Presentation on theme: "TEXAS REAL ESTATE COMMISSION Property Management Issues."— Presentation transcript:
TEXAS REAL ESTATE COMMISSION Property Management Issues
HB 747 Changes to the Act §1101.002(1)(A)(x) - Definition of real estate broker now includes a person who controls the acceptance or deposit of rent from a resident of a single-family residential real property unit Requires a license if done for or with the expectation of receiving “valuable consideration” May require licensure of a property management company or division that would not have been subject to licensing under old law May require licensure of persons who work for licensed brokerage firms who may not have been subject to licensing requirements under old law On-site property managers are still exempt from licensing requirements
22 TAC §535.4 Defines for purposes of the Act “Controls the acceptance or deposit of rent” “Single family residential property unit” May require a license for employees or independent contractors in a brokerage firm depending upon Who “controls” the money held for clients by the firm What types of properties are managed by the firm
22 TAC §535.4 A person controls the acceptance or deposit of rent from a resident of a single-family residential real property unit and must be licensed under the Act if: The person has the authority to use the rent to pay for services related to management of the property; or The person has the authority to deposit the rent into a trust account and sign checks or withdraw money from the account
22 TAC §535.4 A single-family residential unit includes a single family home or a unit in a condominium, co-operative, row- home or townhome. The term does not include a duplex, triplex or four- plex Unless the units are owned as a condominium, cooperative, row-home or townhome.
Bookkeepers and accountants do not need to be licensed if they collect rent but do not sign checks to service providers or clients If the employee/contractor handles all aspects of managing the trust account funds, i.e. “controls” the acceptance or deposit of rent, a license will be required Effect on Brokerage Firms
Property Management Rules Clarification of Existing Rules, Effective Jan. 1, 2011 A broker is responsible for any property management activity conducted by sponsored salespersons and for all advertising done by sponsored salespersons A broker must ensure that all trust accounts, including but not limited to property management trust accounts, are handled by or on behalf of the broker with appropriate controls
Property Management Rules New Rules Effective Jan. 1, 2011 A broker must notify all parties in writing when a broker makes a disbursement to which all parties have not previously agreed in writing A broker may deposit and maintain additional funds in a trust account to cover bank service fees as long as detailed records are kept for any funds deposited under this exception
What does this mean for brokers? Brokers have always been responsible for property management activities of sponsored salespersons – the rules clarify that a salesperson cannot operate a property management company “on the side” without appropriate supervision by the sponsoring broker if what the company does requires a license The DBA of a property management division or group must be filed with TREC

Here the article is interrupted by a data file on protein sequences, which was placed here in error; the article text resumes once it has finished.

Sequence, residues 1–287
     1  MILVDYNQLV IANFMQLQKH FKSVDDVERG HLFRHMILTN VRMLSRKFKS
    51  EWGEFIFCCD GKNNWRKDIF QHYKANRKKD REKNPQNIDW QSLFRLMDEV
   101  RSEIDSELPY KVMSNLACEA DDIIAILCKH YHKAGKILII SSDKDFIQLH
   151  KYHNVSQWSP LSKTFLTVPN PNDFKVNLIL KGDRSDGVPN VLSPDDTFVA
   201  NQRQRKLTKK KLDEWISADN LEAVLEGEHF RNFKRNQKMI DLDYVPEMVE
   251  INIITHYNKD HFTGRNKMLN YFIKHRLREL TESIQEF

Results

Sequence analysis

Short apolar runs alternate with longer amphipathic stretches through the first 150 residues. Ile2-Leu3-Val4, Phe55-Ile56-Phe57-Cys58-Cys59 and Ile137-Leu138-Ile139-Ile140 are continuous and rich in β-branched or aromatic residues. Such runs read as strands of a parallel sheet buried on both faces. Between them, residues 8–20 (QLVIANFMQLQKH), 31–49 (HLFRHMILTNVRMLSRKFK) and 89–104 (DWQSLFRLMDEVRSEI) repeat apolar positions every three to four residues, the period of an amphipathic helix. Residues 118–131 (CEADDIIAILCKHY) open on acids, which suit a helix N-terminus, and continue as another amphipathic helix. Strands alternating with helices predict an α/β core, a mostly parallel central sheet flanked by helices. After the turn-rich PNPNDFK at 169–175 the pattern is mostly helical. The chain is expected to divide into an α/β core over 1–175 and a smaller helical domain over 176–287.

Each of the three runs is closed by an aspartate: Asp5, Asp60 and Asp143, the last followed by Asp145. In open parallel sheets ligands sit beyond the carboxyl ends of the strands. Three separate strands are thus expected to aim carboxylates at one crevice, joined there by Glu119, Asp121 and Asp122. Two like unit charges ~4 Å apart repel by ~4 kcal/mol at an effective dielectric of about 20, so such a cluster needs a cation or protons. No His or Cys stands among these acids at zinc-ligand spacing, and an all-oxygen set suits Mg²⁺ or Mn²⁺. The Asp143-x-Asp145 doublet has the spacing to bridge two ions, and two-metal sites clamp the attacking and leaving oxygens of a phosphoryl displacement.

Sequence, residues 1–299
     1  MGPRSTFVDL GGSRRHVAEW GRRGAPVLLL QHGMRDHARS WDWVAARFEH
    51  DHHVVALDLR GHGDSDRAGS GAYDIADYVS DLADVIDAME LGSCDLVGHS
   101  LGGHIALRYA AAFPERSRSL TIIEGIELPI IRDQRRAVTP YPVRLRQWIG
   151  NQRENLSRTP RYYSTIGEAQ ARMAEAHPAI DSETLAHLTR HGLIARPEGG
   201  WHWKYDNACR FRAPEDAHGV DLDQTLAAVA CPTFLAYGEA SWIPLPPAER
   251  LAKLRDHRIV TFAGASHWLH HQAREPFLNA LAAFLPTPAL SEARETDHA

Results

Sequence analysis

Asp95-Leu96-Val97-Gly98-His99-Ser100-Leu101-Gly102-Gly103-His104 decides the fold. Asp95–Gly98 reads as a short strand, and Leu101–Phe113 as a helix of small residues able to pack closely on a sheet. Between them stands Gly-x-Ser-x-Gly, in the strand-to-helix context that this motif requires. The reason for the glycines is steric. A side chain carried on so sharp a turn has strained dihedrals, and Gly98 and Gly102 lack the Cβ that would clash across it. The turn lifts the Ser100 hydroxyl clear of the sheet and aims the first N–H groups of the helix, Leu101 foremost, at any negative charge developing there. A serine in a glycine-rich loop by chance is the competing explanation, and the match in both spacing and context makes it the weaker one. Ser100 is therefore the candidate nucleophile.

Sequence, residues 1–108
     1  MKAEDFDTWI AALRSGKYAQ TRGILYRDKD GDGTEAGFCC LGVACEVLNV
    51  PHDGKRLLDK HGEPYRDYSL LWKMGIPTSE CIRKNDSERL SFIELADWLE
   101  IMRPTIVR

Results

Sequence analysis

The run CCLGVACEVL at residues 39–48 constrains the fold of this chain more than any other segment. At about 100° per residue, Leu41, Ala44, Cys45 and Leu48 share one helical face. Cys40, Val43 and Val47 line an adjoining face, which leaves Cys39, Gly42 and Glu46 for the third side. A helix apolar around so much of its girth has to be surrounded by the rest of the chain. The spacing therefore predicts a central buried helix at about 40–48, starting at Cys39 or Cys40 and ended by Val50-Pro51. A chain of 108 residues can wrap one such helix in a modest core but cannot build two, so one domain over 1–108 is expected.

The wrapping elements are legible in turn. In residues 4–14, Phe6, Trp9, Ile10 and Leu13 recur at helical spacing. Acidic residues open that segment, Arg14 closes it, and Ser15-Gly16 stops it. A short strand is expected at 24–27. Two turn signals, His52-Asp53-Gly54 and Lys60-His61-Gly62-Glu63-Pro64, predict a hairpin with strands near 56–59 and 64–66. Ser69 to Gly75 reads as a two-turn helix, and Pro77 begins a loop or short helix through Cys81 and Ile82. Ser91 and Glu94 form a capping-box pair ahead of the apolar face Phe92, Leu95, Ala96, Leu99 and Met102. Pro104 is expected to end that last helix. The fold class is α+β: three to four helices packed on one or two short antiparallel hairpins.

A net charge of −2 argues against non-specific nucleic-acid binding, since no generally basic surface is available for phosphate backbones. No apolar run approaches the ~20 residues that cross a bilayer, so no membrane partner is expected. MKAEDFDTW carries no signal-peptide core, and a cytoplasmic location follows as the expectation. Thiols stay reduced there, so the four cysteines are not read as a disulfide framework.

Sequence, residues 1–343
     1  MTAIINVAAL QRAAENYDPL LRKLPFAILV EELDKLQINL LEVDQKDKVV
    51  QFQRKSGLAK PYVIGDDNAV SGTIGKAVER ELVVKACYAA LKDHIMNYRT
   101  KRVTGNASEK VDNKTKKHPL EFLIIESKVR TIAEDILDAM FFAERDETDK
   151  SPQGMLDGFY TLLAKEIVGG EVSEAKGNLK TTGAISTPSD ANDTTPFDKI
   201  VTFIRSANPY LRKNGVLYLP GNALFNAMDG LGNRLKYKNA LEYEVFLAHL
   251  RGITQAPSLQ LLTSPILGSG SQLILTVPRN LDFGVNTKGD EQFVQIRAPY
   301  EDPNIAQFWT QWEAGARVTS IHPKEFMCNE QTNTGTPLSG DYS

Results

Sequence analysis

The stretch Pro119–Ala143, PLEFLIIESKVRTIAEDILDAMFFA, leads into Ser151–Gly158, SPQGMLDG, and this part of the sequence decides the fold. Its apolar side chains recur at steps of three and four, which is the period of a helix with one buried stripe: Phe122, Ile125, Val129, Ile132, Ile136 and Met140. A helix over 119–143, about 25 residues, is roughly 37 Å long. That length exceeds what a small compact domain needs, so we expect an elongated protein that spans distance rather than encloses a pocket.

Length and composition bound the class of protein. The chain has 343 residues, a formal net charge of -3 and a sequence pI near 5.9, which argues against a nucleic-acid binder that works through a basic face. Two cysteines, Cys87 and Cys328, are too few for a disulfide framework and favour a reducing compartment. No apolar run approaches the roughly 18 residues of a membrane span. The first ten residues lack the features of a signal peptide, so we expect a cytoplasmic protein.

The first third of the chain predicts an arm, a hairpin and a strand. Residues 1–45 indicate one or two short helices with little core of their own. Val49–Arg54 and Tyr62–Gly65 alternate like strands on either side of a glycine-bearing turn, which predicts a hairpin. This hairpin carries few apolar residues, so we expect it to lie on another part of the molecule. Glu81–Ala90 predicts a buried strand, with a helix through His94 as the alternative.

What else does this mean for brokers? Cont’d All advertising and DBAs for property management businesses must comply with TREC rules Get parties to agree in advance that all parties to a transaction must provide written authorization for disbursement to any one party before releasing money to that party; if you disburse funds to a party without such prior authorization, you must notify all parties of the disbursement It is okay to keep a small amount of your own funds in a trust account to cover bank service fees with proper accounting
Existing Rules – Trust Accounts A broker who maintains trust funds must either keep a separate trust account or use an escrow agent Trust account records must be maintained for four years Records must include a record of each deposit and withdrawal from the account Placing trust funds in an operating or personal account is prima facie evidence of commingling. If a licensee acquires ownership of money held in trust, the money must be removed from the trust account within 30 days after the licensee acquires ownership of the money
Existing Rules – Trust Accounts A broker may give a salesperson signature authority on any trust account; but the broker is responsible and accountable for all trust funds received by the broker and all deposits to or disbursements from the trust account. A salesperson may not maintain a trust account. Any money received by a real estate salesperson that is to be held in trust must be delivered to the salesperson's sponsoring broker to be deposited according to the client’s instructions or agreement.
Existing Rules – Trust Accounts A broker may, but is not required to, maintain separate trust accounts for security deposits, rent, and for other trust funds. If a broker maintains a trust account, that account must be clearly identified as a trust account. If trust funds held by a broker are deposited in a non- interest bearing account, the broker is not liable for interest or for charges on the funds unless there is an agreement to the contrary.
Existing Rules – Trust Accounts Trust funds may be held in interest bearing accounts. In the absence of an agreement to the contrary signed by the person depositing the funds, any interest earned must be distributed to the equitable owners at the time the interest is earned. Any Questions?